How to make an independent cinema, film and TV series in Australia
By the end of this week, the first Australian films to make it to cinemas will be released in the country’s cinemas.
Independents can get their first taste of cinema at the start of the year at the first film festival in the UK, the Film and Literature Festival (FLY), which will run from October 18 to 20.
But if you’re in the middle of nowhere, you’re not likely to be able to make the trek down to the cinema.
The FLY is a small festival that focuses on independent cinema.
The event is in its 10th year, and the UK is the biggest market in Australia for independent film.
It’s a place where you can get away from it all.
“Independently owned films and documentaries can be screened in cinemas and online without the interference of the commercial film industry,” says Fly director Paul Dyson.
“There’s a strong emphasis on creating independent stories that are informed by the real and unmediated experiences of people in the local community.
It has a huge impact on local economies.”
While the festival is about independent films, its director says it also has a strong political component to it.
“I have always believed in the power of art, which is why I think it’s important that people should be able get out and create,” Dyson says.
“It is an important and powerful message to the people in our country that if we want to be free and free from oppression, we have to do what we can to fight for it.
The film industry in Australia is very much on board with that.”
In fact, the FLY will be the first event in Australia to feature a production by an Australian independent filmmaker.
The Independent Australian film and television industry will host its annual conference in the Sydney CBD on November 9-10, the day before the FLI’s launch.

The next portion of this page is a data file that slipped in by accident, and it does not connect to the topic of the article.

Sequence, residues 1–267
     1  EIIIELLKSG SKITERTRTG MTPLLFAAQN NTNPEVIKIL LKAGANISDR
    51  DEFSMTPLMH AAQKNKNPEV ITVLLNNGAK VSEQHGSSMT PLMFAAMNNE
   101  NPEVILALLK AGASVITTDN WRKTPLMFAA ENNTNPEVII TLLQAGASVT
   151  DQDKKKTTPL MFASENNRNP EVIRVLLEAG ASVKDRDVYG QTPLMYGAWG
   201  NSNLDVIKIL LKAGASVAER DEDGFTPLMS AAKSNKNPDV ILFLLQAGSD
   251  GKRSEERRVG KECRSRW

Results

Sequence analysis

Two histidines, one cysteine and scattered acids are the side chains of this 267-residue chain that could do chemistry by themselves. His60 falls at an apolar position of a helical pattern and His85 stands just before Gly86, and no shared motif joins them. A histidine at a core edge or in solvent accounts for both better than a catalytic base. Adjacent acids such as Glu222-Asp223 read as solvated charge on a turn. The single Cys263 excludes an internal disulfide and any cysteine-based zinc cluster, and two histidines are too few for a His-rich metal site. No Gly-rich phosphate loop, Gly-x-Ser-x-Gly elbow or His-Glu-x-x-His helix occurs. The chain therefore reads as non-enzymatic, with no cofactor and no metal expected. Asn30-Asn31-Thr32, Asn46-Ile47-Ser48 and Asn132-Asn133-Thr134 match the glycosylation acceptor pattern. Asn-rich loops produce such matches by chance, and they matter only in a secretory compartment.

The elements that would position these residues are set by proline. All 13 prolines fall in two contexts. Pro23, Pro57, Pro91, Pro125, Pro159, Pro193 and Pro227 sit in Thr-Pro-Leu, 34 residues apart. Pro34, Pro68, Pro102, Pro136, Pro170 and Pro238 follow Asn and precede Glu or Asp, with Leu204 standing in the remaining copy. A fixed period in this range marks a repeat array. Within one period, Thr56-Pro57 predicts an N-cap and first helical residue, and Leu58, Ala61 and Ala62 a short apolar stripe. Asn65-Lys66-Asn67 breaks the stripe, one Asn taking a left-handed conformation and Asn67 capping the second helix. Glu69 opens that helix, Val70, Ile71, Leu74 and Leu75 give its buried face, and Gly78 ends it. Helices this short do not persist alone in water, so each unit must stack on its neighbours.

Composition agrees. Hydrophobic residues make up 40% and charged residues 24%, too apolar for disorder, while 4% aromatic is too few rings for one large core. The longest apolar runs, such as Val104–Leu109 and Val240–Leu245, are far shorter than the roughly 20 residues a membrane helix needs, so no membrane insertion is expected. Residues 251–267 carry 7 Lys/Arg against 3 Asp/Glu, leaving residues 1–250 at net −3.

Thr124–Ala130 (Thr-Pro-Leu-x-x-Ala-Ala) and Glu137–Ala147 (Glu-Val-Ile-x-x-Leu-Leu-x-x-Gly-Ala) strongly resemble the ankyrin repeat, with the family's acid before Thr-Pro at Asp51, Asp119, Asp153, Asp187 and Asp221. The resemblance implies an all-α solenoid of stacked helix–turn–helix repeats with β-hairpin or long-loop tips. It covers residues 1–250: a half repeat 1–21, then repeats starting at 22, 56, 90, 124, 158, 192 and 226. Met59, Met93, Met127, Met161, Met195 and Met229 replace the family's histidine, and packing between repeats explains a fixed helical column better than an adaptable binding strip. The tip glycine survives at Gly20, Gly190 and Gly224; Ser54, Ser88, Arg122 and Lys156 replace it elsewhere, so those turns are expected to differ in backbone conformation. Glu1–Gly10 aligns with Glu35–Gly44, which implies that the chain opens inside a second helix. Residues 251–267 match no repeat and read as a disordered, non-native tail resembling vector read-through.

The event will also feature an audience participation panel on how to create and run an independent film and how to be a leader in the industry.
“You’re going to hear from some of the people who are in that space right now, and hopefully it will help you be able at the end to think about how to grow that space and create that space,” Dison says.
In the UK at the beginning of the week, film festivals will also have screenings at cinema chains.
The Film and Entertainment Festival (FAME) will open its UK branch on November 10, while the Royal Academy of Film and Television Arts (RAFT) will release the first official film at its new London branch on December 1.
The Fli’s UK and UK-based director, Paul Dison, says the UK festival will offer a more hands-on experience.
“They’ll be there to give you advice on the process of making the film, how to get the footage, how you make the film and the whole process of creating the film,” Dork says.
“The UK is a great place to start, it’s a great venue to start from.”
Dyson says the festival in Australia will provide a “very different environment” for independent cinema makers, as the festival will be a “hugely inclusive space”.
“There will be people coming from all walks of life who are passionate about making films, but also people who have no formal film experience whatsoever, who want to learn more about making a film,” he says.FAME has been around for more than 25 years, and Dyson has worked on the festival’s founding.
He’s been involved in the development of its programming since 2009, and he’s been at the forefront of its development for a number of years.
Fame is now one of the most successful festivals in Australia, having attracted more than 40,000 visitors to its events each year.
“We are delighted that the UK has chosen to become one of our home territories,” Denny says.
There are also many other festivals coming to Australia soon, including the Royal Australian Film Festival (RAFTA), the Royal International Film Festival, the Royal Cinema Society, and Royal Cinema Australia.